Trip Start Dec 14, 2011
Trip End Jan 05, 2012

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Where I stayed
Finisterre Suites

Flag of Panama  ,
Saturday, December 31, 2011

It is late on Saturday morning, the last morning of 2011 and the morning after Linda's birthday. It is 9:30 AM. We are in Panama City. I slept until almost 9 AM, got the laundry put together to have done today by the hotel and then came down to the hotel's dining room for breakfast.

Linda and I landed in Panama City about 1:30 PM local time yesterday after a flight that took us over Costa Rica’s Irazu Volcano, which we had driven past days before, directly over Puerto Viejo, from where we had driven that morning and then right past Panama City in a dazzling approach that gave us a dramatic view of the city from Pacific Ocean. It was a great flight, especially from my cherished Business Class seat!

Panama is one hour later than Costa Rica and Nicaragua; it is in the same time zone as Miami, and three later than Seattle. It uses US currency, but calls it the "Balboa". From what I understand, prices here are similar to US prices, which is what we found in the touristy parts of Costa Rica (not so much in Puerto Viejo).

We took a taxi to the Finisterre Suites Hotel in Panama City, checked in and walked around to check the hotel out. We were both tired and sleepy from getting up early and from all the activity of getting ourselves to the Costa Rica airport, checking the car in and getting on the plane. We decided to change and go lay by the hotel’s pool to try to nap. Sleeping under the direct sun at nine degrees north latitude isn’t really possible. You have to dip into the pool water too often to keep cool. By 5 PM I was showered and at the hotel bar on the computer and with the guidebook trying to figure out where to go that night for Linda’s birthday.

While at the bar I talked with some young Americans from Ohio; Amanda, JC, Dave and another guy. They gave me some good information about bars and restaurants since they have been in Panama City for 5 or 6 days. For New Year’s Eve, they are going to a party at Panama City's Trump Hotel. They pay $200 US per person, which includes all their eating, drinking and partying until 5 AM; they think it is a great deal for them---and they are probably right. They said the Trump Hotel is pretty spectacular and has two infinity pools.

I also met Amanda’s father who had just returned with some of his group from Habibi’s, a Lebanese restaurant with a famous chef. Her father was a nice guy my age from Ohio. He proceeded to tell me the story of his dinner about which he was still agitated. He couldn’t believe that this supposedly famous chef had served them totally raw meat. He said they sent it back to the kitchen telling the server to have them cook the meat. After the meat was returned to them all cooked up, Amanda’s dad was incredulous that the famous chef walked out of the kitchen to scowl at them. "Why would the chef do that?" he wondered, "I mean, who serves anyone a pile of uncooked, cold hamburger!?" They had ordered Steak Tartare. Did I say he was from Ohio?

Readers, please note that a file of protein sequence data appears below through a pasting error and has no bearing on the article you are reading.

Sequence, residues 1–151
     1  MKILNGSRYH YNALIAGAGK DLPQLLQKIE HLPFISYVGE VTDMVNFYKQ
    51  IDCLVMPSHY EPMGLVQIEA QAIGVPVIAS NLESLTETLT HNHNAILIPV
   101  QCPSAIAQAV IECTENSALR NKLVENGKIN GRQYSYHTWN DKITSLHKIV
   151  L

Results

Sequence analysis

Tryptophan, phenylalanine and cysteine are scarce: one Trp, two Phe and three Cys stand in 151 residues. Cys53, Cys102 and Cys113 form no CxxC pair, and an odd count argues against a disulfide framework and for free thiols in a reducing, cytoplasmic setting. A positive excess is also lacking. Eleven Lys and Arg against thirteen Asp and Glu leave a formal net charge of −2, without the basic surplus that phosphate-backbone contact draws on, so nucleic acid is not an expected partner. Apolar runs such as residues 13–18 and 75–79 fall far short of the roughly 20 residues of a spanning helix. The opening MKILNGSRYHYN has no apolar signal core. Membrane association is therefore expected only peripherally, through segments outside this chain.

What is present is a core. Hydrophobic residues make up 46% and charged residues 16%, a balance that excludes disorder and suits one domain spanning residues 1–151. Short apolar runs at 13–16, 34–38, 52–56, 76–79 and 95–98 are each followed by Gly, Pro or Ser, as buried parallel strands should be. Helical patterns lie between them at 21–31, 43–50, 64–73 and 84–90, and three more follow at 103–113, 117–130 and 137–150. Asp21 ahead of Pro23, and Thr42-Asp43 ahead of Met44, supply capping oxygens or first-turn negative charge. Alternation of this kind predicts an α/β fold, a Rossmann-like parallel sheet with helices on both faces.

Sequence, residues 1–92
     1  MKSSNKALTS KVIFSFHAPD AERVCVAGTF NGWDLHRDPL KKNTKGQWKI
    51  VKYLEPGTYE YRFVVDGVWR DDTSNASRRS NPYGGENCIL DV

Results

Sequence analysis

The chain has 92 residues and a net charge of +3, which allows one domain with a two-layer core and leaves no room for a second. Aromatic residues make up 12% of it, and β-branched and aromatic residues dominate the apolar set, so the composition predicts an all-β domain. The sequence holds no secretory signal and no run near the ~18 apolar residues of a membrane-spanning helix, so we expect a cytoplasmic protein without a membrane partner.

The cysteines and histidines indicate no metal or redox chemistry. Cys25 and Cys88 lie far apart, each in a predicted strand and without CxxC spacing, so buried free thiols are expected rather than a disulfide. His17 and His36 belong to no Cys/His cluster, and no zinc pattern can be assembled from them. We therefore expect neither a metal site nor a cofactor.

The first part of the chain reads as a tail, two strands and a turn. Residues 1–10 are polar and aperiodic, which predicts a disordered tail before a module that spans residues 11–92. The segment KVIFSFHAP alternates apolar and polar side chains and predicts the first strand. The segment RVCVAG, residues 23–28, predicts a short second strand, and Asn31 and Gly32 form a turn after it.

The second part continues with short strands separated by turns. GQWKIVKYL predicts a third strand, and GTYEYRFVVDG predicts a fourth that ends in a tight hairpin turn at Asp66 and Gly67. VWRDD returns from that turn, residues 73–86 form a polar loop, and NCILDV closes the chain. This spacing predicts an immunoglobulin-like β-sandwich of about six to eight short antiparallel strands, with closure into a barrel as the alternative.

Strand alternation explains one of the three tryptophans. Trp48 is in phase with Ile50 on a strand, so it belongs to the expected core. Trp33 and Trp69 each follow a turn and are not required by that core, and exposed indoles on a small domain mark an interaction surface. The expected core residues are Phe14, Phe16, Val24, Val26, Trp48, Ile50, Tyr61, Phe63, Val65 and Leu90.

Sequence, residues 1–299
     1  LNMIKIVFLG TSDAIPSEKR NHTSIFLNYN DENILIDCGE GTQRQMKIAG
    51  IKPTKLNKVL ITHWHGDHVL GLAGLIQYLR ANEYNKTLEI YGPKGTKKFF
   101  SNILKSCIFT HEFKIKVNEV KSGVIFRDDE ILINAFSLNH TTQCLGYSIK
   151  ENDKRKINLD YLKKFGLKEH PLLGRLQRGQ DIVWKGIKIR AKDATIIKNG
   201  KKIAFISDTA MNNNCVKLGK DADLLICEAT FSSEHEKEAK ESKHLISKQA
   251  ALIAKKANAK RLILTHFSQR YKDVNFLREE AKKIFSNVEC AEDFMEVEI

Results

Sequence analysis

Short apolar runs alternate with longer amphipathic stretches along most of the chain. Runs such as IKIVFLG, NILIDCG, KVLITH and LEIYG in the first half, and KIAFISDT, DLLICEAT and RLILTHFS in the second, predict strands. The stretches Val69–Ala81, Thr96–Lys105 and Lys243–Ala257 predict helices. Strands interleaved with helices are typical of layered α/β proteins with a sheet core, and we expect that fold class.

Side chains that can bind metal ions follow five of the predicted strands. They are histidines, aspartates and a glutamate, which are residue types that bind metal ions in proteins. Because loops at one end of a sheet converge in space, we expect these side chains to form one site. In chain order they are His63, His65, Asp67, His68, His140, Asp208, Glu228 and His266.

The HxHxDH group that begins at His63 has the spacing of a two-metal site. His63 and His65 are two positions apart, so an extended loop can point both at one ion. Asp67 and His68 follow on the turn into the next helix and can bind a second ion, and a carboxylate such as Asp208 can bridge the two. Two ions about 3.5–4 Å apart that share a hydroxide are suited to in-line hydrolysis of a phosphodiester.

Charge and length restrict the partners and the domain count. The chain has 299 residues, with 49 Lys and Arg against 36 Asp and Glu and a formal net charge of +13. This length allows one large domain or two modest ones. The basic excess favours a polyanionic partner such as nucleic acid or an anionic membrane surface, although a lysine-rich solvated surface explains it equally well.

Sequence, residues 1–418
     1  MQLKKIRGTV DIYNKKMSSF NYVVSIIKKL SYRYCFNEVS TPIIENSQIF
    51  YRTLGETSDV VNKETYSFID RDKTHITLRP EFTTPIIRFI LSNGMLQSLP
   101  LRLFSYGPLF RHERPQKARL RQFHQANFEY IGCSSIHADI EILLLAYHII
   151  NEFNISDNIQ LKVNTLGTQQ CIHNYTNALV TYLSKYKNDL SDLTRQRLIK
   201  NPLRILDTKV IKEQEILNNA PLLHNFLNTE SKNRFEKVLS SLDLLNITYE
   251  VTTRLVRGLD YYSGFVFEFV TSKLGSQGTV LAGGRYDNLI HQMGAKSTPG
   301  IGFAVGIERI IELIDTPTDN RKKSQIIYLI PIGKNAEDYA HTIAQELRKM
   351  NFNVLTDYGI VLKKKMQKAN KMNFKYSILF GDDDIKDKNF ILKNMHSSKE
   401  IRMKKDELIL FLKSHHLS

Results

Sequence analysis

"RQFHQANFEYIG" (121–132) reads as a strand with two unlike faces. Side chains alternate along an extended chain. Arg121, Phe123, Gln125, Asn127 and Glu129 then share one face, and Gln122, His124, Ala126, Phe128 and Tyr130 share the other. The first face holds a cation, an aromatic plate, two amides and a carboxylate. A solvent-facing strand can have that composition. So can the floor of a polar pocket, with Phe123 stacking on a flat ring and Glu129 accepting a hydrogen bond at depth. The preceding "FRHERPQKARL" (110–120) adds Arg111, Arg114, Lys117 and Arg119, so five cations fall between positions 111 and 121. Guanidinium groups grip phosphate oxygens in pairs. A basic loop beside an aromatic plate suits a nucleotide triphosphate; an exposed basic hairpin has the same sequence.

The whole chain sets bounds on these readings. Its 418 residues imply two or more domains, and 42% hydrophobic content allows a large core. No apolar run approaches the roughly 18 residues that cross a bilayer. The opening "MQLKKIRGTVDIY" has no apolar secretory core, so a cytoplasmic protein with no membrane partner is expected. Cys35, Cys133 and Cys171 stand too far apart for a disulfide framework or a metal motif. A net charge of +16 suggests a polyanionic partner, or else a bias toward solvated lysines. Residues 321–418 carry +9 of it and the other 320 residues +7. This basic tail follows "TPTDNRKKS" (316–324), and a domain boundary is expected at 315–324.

When Linda joined me in the hotel bar, we left before she sat down and walked over to a neighboring bar that JC told me about, called Republik. The hotel bar is not all that comfortable and is, well, a hotel bar. Republik, however, was a nice place and we sat at the bar and chatted with the English-speaking manager of the bar, Raul. He used to work on a Royal Caribbean cruise ship. He was very nice and helpful and ended up recommending we do one of the many casinos in Panama City for New Year’s Eve. Linda loved that idea; I am pretty skeptical. He wrote the names of a couple of casinos down and gave us his personal phone number, encouraging us to call him today for more ideas.

We left Republik around 7:30 PM and walked a couple of blocks to the steakhouse recommended to me by a guy at the hotel, La Hacienda. I wanted to go to a steak place for Linda on her birthday. La Hacienda looked great, and we told the hostess we would come back later for dinner.

We walked on a few more blocks to Calle Uruguay, the street where all the restaurant and bar action is in Panama City's Bella Vista district where our hotel is. As we were walking down the street checking out all the bars and restaurants, I heard someone call my name. That is a little surprising when you are in a foreign city! It was the JC-and-Amanda crew. Linda had not yet met them, so we went over to where they were sitting at a table in a street side bar. We chatted briefly and then Linda and I moved on down the street to a place called “Market”. It was a nice, upscale bar/restaurant. We sat at the bar and had fun talking to the bartenders; only one of which spoke a little English. About 9 PM we left and walked back to La Hacienda.

Dinner at La Hacienda was only okay; in part, because we were exhausted. I think we waited too long to eat, and by the time we were done, we were more than ready for bed. Fortunately, it was only a couple of blocks back to the Finisterre Suites and our bed.